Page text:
Squamous cell has a higher risk than basal cell carcinoma because of the possibility that it could spread to other areas such as lymph nodes. "Squamous cells typically are more of a crusted pink bump," Dickman said. "Sometimes people will think it looks a bit like a wart. It can be rough and almost like sandpaper."

Any kind of skin cancer is worrisome but Dickman said, "Melanoma is definitely the skin cancer we worry about the most because it can be lethal."

When caught early, however, melanoma is "extremely treatable." Sun exposure increases the risk of melanoma, but having a family member with it can increase one's risk as well.

"Melanoma is tricky because it doesn't always happen in sun-exposed areas," Dickman said. "I've seen it on patients' feet, genitals, inside the mouth or in the eye. It's not just those areas where you think about getting a lot of sun exposure."

Melanoma will usually show up as a dark or changing lesion on the body, and can pop up in an existing mole that seems to be darkening or growing.

"Some things I find helpful for patients to look for is something growing rapidly," Dickman added. "Anything itchy, painful or that seems to be bleeding, those can be things to look for."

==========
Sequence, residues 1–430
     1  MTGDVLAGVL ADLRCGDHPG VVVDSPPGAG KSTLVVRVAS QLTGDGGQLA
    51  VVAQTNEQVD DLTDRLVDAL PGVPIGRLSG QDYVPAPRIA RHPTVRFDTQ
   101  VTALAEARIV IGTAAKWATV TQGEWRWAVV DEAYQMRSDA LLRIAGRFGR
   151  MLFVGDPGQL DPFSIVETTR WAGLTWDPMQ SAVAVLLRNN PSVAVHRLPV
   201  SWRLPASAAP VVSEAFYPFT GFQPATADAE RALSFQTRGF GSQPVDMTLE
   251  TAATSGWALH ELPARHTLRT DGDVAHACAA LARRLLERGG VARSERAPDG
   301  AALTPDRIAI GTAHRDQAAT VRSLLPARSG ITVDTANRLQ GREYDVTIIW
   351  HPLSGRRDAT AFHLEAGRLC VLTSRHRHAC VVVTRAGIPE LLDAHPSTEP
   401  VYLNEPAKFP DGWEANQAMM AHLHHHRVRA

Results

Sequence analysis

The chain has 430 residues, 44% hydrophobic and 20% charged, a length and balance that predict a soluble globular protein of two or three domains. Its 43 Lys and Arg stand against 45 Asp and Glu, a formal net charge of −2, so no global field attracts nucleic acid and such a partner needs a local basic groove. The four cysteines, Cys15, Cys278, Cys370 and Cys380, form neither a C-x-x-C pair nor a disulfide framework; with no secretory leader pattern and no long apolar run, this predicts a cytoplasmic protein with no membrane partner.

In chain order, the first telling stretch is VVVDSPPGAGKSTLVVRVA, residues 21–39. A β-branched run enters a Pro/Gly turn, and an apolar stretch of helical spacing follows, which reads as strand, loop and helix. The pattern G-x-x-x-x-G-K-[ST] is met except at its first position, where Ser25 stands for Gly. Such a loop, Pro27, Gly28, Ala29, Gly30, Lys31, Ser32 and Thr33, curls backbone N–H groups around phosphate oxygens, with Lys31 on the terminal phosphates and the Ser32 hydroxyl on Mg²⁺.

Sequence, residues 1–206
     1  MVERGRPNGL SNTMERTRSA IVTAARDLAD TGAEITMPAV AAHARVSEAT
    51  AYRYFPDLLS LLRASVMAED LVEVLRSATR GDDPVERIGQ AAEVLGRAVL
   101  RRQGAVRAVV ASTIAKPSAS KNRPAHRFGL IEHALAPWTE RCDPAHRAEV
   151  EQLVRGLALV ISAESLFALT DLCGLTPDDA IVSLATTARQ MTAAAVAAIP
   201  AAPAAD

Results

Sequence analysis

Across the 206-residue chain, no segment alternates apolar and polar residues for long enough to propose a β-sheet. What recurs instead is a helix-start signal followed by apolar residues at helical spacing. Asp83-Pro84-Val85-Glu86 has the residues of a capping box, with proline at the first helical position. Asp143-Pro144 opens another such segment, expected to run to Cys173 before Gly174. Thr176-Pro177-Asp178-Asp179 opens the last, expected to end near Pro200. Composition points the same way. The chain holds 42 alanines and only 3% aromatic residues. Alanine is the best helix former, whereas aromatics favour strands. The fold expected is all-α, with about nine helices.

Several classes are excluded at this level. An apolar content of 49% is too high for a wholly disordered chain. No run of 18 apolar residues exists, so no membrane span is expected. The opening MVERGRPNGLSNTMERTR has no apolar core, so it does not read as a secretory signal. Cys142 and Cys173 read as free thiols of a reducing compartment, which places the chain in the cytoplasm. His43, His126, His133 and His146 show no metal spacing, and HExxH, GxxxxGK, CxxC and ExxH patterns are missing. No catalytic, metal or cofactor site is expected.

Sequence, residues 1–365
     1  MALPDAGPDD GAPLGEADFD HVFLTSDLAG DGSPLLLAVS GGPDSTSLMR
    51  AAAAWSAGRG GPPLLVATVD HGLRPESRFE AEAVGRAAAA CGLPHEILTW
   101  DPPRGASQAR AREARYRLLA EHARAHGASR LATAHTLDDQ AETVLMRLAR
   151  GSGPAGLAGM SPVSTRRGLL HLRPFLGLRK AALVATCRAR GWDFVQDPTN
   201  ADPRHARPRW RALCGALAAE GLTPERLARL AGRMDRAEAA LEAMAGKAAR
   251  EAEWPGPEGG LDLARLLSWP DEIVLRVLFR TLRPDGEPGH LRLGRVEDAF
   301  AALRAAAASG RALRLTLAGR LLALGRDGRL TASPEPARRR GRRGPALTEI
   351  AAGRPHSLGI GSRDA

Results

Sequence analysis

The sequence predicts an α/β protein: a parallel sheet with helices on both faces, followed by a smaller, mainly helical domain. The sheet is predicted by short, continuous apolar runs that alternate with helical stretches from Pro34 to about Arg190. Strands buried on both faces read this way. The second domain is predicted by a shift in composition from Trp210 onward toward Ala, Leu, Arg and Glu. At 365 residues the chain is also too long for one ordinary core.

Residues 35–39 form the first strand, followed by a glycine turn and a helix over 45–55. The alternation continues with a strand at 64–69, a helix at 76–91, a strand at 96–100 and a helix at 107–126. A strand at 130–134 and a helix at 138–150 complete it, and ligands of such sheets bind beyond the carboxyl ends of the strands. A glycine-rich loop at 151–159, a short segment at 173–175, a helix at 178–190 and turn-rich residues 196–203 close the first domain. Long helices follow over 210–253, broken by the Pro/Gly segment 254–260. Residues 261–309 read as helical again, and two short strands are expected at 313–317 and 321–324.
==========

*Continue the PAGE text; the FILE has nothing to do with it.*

For the best sun protection, Dickman recommends applying sunblock daily, and tells patients that "it should meet two criteria -- broad-spectrum and SPF 30 or higher."

"The price, brand and ingredients are less important, but if you are concerned about environmental effects of sunscreen or absorption into the bloodstream, then zinc oxide or titanium dioxide are good," Dickman said.

However, because "in the best of situations, sunscreen only lasts two hours," Dickman said people should be sure to reapply it regularly. Wearing photo-protective clothing while outdoors is also a good idea, and is now widely available

Though people with fair skin are more likely to get sunburned, Dickman said everyone should take the same precautions: "You may be less likely to sunburn, the more pigment you have, but I certainly see skin cancer in all types of people."

"(Skin cancer) tends to be caught later because it might not be on the top of their radar but it does happen," Dickman said. "All people should employ self-protecting measures, no matter what their skin type."

Dickman also recommended annual skin checks for anyone over the age of 50, and anyone with a history of skin cancer.

After learning these lessons the hard way, De Pretis said she has taken them to heart: "I stay out of the sun, I've got my special sunscreen on, and since then I've had quite a few basal cells but I get skin checks every six months."

"Anything that looks suspicious, it's better to go get it checked out right away," De Pretis said. "I probably could have saved myself a forehead flap if I had just gone in 2011."